Lentiviral infection and barcode sequencing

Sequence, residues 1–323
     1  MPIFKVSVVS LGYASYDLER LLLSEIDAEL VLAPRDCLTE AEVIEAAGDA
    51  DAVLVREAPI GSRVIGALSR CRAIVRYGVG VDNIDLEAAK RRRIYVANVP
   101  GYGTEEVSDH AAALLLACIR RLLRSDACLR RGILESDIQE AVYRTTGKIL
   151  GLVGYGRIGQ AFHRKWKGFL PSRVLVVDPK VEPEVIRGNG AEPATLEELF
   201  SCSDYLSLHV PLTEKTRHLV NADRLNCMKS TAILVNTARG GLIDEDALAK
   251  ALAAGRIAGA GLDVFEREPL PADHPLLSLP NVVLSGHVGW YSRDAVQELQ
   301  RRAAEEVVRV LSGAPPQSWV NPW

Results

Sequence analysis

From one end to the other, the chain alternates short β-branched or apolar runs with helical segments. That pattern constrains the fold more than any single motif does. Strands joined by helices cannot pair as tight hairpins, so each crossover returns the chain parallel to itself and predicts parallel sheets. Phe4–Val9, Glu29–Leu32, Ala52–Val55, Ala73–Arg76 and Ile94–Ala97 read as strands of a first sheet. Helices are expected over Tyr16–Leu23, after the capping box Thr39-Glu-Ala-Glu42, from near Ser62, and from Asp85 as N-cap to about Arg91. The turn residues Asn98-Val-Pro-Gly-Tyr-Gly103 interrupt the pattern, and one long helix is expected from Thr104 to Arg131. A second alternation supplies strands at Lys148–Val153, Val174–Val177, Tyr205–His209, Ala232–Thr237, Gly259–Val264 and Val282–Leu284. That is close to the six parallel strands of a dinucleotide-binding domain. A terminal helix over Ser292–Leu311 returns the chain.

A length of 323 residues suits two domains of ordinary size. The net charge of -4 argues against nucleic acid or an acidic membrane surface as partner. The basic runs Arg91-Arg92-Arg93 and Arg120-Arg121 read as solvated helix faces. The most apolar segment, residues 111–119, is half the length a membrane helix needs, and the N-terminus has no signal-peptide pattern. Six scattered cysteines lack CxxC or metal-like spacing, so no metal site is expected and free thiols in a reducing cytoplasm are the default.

Lentivirus was produced in twelve 15 cm dishes of 293T cells (CRL-3216, ATCC) using Lenti-Pac HIV expression packaging kit following the manufacture’s protocol (GeneCopoeia, LT002). Lentivirus was filtered through a 0.45-μm PES filter system (Thermo Scientific, 165-0045) and concentrated by Lenti-X concentrator (Takara Bio, 631232). Titration of the lentiMPRA library was conducted on H1 human embryonic stem cells (WA-01, WiCell) as described previously28. Briefly, hESCs cells were plated at 1 × 105 cells/well in 24-well plates and incubated for 24 h. Serial volume (0, 4, 8, 16 μL) of the lentivirus was added with 8 μg/ml polybrene, to increase infection efficiency. The infected cells were cultured for three days and then washed with PBS three times. Genomic DNA was extracted using the Wizard SV genomic DNA purification kit (Promega). The multiplicity of infection (MOI) was measured as relative amount of viral DNA (WPRE region, WPRE.F and WPRE.R) over that of genomic DNA [intronic region of LIPC gene, LP34.F and LP34.R (Supplementary Dataset 5)] by qPCR using SsoFast EvaGreen Supermix (BioRad), according to the manufacturer’s protocol. Lentiviral infection, DNA/RNA extraction, and barcodes sequencing were all performed as previously described20.